Historical epic "Oppenheimer" led the 2024 Academy Awards nominations Tuesday with 13, including a trio for acting, as well as best picture, director and screenplay adaptation.
That may give Christopher Nolan's biopic a leg up over contenders, since best picture is generally won by the film with the most nominations, but there also were strong showings from "Killers of the Flower Moon" and "Poor Things," with 10 and 11 nominations, respectively.
"Barbie" scored eight nods but holds the distinction of being the most-snubbed movie as well. Both director Greta Gerwig and star/producer Margot Robbie were expected to earn nominations, but both were overlooked (both are nominated in other categories — Gerwig for co-writing the screenplay and Robbie for co-producing the film).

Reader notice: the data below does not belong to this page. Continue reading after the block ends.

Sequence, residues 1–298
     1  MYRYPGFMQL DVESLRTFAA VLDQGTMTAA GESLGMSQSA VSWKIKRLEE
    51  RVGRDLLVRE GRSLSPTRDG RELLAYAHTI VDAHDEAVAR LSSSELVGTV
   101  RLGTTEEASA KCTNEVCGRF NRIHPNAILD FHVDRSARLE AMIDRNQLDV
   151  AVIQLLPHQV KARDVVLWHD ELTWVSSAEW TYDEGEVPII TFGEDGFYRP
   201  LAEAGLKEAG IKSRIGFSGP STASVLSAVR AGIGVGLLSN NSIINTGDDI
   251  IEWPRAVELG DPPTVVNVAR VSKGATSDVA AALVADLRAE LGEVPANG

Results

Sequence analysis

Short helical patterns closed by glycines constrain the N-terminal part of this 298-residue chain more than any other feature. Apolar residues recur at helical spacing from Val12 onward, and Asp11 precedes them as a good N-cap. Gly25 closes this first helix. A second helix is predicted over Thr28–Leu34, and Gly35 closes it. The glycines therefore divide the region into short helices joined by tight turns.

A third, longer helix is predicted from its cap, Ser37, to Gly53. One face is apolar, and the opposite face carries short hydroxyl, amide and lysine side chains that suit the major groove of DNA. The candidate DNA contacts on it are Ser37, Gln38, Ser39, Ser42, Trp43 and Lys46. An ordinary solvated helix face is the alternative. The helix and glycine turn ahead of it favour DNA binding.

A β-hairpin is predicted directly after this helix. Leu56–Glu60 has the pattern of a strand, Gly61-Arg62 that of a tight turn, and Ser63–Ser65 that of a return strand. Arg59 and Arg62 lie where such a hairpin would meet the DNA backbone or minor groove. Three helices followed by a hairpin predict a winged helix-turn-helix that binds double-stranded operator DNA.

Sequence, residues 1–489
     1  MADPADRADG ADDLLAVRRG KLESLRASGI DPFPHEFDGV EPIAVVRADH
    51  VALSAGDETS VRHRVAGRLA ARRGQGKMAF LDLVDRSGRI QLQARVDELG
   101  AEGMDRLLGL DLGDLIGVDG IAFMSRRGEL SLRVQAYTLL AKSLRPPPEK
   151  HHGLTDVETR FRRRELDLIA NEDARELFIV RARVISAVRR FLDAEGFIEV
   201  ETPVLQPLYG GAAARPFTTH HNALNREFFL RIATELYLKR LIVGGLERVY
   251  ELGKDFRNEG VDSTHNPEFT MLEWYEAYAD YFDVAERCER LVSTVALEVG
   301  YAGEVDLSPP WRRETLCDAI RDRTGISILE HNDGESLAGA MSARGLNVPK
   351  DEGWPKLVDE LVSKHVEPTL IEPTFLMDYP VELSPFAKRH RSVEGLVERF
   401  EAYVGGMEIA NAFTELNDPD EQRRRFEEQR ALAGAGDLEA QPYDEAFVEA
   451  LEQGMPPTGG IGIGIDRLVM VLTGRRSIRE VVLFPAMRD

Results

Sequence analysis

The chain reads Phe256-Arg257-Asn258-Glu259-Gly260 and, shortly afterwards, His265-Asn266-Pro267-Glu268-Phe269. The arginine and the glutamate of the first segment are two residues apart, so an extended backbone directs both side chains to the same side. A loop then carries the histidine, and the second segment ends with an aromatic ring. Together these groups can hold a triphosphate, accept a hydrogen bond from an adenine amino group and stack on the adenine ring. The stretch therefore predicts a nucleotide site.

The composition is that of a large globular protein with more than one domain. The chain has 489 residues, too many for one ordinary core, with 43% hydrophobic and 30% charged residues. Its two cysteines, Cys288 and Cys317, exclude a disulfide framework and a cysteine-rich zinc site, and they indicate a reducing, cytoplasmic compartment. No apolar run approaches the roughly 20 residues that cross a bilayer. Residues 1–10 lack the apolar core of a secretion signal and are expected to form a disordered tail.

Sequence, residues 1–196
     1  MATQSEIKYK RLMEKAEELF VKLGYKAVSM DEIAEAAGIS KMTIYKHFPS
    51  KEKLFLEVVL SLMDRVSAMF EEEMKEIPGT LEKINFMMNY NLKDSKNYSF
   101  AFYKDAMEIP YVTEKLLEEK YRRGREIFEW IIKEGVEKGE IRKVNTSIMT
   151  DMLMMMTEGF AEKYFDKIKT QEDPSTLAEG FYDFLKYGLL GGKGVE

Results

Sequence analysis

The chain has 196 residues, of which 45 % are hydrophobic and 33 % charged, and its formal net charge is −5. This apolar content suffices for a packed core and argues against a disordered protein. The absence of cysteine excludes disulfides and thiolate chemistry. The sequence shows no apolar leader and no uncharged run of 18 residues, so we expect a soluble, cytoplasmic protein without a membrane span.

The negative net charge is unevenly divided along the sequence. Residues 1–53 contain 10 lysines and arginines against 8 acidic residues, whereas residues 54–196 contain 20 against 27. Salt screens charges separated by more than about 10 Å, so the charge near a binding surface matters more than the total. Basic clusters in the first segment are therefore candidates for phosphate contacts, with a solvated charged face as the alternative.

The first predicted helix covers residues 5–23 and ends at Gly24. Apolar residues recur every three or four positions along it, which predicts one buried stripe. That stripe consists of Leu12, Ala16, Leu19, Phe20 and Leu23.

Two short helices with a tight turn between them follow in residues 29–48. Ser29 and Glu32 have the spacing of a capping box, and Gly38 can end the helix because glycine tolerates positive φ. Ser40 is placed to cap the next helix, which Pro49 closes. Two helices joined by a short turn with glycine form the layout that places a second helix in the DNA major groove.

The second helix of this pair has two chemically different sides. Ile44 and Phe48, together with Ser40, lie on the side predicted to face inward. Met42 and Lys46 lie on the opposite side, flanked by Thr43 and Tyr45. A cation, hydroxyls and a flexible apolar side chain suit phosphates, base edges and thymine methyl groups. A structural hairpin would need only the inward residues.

We'll know who wins when awards are handed out March 10 at 6 p.m. (an hour earlier than in years past, allowing ABC to position one of its series, "Abbott Elementary," after the awards, much like networks do with the Super Bowl).
Here are our picks on who should and who will win the Oscars in the top six categories:
The story: A snobby novelist writes a stereotypical book he thinks will be a hit and, when it is, must pretend to be the invented, streetwise version of himself who wrote it — while also caring for his family and falling in love.
In its favor: The protagonist is played by Jeffrey Wright, one of our most respected actors but somehow never an Oscar nominee. Also, the satire eventually gets to compelling arguments about publishing and authenticity.